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Errors vs. Bugs and the End of Stupidity


"A pianist has to believe in telekinesis.  You have to believe you have the power to move your fingers with your mind."

I learned that from Phil Cohn, my piano teacher's piano teacher.  Once in a while, when I was in high school, she'd arrange for me to have a master class with him.  He was a diminutive man who looked exactly like Dr. Strangelove, and had a gentle way of guiding your hands and body while you played.  He was very interested in the physicality of piano; he liked to tell stories about students of his who could play any piece upside down, or cross-handed, or one-fingered like Chico Marx.  He had a lot of theories about the process by which we can learn to control our muscle movements.

I wasn't an exceptional pianist, and when I'd play my nocturne for him, there would be a few clinkers.  I apologized -- I was embarrassed to be wasting his time.  But he never seem to judge me for my mistakes.  Instead, he'd try to fix them with me: repeating a three-note phrase, differently each time, trying to get me to unlearn a hand position or habitual movement pattern that was systematically sending my fingers to wrong notes.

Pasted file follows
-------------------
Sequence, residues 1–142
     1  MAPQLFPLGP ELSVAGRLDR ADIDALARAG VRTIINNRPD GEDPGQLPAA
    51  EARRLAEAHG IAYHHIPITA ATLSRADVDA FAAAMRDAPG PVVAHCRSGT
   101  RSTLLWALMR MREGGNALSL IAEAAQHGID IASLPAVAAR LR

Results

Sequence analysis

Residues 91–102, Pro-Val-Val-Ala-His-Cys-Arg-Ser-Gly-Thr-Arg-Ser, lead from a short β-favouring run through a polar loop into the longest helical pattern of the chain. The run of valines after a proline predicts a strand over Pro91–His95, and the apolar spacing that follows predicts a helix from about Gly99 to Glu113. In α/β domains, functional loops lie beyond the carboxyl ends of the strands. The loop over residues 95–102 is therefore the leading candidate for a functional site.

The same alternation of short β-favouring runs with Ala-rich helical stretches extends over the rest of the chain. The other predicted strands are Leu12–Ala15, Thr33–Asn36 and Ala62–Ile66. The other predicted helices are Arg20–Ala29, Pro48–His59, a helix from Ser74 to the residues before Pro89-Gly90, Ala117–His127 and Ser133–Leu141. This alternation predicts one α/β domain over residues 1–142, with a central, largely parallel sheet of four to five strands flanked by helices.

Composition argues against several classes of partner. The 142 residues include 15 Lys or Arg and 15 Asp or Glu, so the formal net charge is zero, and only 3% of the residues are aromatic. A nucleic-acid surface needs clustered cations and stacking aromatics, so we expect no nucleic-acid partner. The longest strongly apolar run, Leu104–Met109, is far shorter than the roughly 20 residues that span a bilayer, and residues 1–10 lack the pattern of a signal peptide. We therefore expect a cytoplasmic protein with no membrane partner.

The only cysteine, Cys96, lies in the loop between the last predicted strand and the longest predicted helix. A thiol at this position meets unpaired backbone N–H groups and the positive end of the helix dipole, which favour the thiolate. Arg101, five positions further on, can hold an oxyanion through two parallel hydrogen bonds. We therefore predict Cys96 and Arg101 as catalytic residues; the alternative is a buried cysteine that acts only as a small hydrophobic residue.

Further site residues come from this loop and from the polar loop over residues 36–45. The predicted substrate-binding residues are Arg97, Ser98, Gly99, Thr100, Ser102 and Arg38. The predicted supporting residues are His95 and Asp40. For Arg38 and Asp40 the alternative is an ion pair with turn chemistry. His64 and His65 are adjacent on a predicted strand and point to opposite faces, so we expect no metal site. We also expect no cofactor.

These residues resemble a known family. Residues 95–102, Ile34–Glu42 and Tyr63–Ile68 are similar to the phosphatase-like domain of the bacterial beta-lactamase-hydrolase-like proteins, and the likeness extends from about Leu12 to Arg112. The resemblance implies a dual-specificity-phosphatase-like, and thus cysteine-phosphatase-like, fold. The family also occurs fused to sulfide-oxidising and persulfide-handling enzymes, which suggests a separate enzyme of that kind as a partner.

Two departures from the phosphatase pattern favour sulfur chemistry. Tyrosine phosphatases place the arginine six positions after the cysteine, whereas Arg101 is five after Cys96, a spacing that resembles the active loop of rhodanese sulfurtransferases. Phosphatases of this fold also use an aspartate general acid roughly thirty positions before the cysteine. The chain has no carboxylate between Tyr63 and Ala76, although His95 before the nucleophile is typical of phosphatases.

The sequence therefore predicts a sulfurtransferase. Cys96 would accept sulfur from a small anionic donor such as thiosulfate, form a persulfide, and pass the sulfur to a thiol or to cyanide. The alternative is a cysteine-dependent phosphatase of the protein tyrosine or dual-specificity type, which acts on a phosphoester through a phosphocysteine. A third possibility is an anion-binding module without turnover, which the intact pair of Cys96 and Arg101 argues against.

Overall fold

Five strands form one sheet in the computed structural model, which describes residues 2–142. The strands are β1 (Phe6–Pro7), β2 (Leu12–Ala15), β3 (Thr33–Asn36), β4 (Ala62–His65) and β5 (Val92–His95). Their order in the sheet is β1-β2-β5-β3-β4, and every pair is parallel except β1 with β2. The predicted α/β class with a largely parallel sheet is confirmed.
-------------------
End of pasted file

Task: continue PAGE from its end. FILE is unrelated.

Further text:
I had never thought about wrong notes that way.  I had thought that wrong notes came from being "bad at piano" or "not practicing hard enough," and if you practiced harder the clinkers would go away.  But that's a myth.

In fact, wrong notes always have a cause. An immediate physical cause.   Just before you play a wrong note, your fingers were in a position that made that wrong note inevitable. Fixing wrong notes isn't about "practicing harder" but about trying to unkink those systematically error-causing fingerings and hand motions.  That's where the "telekinesis" comes in: pretending you can move your fingers with your mind is a kind of mindfulness meditation that can make it easier to unlearn the calcified patterns of movement that cause mistakes.

Remembering that experience, I realized that we really tend to think about mistakes wrong, in the context of music performance but also in the context of academic performance.

A common mental model for performance is what I'll call the "error model."  In the error model, a person's performance of a musical piece (or performance on a test) is a perfect performance plus some random error.  You can literally think of each note, or each answer, as x + c*epsilon_i, where x is the correct note/answer, and epsilon_i is a random variable, iid Gaussian or something.  Better performers have a lower error rate c.  Improvement is a matter of lowering your error rate.  This, or something like it, is the model that underlies school grades and test scores. Your grade is based on the percent you get correct.  Your performance is defined by a single continuous parameter, your accuracy.